A NEW glitch causing in-flight shutdowns of the Pratt & Whitney engines that power the Airbus A320neo has prompted some airlines to postpone delivery of the aircraft, the aviation giant said Saturday.
“We are in discussions with the airlines and responding on a case-by-case basis,” an Airbus spokesperson told AFP. “Some have decided to put off their delivery and others have not.”
The European aircraft manufacturer and Pratt & Whitney said late Friday that a new problem had emerged with the Geared Turbo Fan (GTF) engine whose cause was still under investigation.
Last year, other problems with the GTF engine also caused delays in deliveries of the twin-engine A320neo, a more fuel-efficient version of the Airbus company’s best-selling airliner.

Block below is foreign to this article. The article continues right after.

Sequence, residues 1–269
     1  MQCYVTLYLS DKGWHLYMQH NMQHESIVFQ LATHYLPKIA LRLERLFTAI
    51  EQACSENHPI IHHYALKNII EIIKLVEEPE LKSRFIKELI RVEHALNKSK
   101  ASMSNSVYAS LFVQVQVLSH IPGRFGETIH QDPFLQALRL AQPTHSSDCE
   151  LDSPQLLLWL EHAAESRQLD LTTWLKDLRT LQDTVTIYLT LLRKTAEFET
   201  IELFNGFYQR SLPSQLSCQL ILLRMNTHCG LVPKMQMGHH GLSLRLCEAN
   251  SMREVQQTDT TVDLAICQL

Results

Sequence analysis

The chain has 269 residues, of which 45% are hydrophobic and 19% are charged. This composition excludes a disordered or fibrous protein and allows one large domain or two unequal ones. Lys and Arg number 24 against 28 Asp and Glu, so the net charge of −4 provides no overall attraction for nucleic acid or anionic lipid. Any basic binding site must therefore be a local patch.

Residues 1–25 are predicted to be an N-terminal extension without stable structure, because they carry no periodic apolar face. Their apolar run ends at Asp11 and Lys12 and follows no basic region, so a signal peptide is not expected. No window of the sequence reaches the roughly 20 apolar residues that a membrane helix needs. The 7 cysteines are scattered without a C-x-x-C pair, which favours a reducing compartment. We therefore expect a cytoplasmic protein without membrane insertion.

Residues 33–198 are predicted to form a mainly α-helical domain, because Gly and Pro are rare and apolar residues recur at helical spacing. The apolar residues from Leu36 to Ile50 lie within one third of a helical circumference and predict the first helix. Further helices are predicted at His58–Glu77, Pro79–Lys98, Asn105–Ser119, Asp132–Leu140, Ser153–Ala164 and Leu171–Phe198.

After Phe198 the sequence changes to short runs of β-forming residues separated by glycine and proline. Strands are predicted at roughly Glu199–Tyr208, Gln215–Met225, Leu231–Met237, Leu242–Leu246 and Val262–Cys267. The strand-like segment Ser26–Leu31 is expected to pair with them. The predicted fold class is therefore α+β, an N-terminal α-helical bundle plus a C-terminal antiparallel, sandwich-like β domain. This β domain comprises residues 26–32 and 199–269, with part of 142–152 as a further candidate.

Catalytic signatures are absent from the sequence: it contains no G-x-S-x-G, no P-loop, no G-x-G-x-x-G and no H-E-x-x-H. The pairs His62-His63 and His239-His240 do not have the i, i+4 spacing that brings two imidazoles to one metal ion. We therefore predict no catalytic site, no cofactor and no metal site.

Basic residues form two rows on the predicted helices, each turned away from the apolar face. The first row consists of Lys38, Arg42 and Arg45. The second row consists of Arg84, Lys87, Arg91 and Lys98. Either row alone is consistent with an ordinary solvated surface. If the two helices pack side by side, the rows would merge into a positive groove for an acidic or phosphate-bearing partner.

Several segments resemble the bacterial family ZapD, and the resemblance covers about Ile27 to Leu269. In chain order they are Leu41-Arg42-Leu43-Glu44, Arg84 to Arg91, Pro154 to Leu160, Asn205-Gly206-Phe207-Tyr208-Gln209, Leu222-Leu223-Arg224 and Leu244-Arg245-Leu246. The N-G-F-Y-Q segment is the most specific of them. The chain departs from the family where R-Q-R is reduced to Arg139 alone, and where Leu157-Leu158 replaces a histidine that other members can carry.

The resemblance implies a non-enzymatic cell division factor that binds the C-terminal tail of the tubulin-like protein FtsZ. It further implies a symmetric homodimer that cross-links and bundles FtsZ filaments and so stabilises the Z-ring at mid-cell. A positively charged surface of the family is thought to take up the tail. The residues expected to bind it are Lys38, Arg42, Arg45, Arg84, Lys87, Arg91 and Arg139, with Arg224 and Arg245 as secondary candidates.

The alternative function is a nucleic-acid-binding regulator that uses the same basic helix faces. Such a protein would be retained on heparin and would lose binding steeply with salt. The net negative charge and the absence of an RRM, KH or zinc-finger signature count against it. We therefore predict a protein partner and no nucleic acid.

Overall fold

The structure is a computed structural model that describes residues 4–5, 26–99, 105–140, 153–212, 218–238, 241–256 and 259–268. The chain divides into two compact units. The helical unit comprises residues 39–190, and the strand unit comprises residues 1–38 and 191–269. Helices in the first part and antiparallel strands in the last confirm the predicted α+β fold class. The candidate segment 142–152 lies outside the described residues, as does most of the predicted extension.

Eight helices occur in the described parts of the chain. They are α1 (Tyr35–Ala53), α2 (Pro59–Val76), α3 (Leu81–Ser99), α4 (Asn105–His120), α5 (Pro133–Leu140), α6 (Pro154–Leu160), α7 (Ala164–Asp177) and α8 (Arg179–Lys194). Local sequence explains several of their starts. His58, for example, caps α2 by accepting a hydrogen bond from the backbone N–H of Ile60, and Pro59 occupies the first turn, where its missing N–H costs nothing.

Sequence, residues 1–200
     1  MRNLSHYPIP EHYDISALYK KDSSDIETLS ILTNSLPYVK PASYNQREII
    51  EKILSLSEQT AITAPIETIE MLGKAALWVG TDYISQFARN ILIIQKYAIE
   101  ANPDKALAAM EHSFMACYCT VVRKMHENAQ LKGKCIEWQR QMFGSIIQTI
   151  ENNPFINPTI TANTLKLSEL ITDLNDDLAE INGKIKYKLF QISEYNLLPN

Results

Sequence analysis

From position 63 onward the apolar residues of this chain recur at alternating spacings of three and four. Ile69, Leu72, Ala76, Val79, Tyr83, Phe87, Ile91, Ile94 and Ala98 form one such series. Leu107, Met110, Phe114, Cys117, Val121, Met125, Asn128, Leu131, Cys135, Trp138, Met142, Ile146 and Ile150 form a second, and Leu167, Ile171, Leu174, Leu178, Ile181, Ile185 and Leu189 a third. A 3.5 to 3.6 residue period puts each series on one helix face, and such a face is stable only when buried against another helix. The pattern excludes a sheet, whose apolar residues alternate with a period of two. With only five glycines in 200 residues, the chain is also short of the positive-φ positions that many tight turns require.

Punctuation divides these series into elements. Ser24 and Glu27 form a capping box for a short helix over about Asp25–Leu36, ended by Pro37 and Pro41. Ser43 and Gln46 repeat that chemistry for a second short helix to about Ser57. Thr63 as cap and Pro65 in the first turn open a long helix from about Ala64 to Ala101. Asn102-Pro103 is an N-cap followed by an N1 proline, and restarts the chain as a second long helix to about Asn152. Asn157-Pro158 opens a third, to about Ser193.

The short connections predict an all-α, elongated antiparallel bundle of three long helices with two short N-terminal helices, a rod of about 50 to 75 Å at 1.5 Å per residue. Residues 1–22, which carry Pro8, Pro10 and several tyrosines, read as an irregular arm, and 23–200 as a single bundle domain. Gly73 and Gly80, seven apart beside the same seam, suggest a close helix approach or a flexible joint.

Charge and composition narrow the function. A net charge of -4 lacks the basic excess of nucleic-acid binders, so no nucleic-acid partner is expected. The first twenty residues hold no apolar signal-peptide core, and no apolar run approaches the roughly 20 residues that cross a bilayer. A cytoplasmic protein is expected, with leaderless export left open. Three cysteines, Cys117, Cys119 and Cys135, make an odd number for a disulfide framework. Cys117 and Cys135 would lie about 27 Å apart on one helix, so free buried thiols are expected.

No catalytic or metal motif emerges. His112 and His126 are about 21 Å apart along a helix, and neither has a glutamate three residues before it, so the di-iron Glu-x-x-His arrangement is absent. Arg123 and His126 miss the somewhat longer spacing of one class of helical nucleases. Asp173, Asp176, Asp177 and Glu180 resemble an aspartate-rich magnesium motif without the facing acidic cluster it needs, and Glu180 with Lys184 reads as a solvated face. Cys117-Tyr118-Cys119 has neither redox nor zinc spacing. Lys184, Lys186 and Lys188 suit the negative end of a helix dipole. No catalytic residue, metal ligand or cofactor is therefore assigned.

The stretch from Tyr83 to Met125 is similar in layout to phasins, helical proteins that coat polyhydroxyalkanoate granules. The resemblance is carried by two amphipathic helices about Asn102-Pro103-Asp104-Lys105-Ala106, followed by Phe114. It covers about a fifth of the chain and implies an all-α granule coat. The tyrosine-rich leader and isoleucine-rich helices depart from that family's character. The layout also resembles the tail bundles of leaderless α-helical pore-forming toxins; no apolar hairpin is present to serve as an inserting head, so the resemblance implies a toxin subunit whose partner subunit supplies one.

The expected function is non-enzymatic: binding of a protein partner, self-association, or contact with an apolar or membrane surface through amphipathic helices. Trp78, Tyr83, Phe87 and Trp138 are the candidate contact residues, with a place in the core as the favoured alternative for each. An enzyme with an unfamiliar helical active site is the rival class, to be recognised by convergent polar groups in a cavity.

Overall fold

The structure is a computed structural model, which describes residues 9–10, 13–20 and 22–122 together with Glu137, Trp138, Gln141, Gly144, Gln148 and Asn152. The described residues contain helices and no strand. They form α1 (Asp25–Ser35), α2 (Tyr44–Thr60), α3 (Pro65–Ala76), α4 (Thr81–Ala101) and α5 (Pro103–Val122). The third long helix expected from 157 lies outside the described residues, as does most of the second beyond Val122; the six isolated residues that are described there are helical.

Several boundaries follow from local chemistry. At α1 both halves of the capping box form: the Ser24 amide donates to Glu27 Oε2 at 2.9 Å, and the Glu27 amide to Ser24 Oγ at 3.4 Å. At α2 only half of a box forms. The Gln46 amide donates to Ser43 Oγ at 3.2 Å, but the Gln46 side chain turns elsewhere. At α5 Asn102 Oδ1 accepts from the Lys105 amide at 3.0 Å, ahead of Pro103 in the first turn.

On Friday, Europe’s air safety authority EASA issued an “emergency airworthiness directive” saying that “several occurrences of inflight shutdown and rejected takeoff have been reported” with the single-aisle aircraft.
It warned that potentially both engines could shut down simultaneously.
An industry source said 11 A320neos have been grounded to replace the engines.
A total of 113 planes in the A320neo family, used by 18 airlines, are currently in service that are equipped with the engines.
Airbus also uses LEAP engines co-produced by General Electric and Safran on the planes.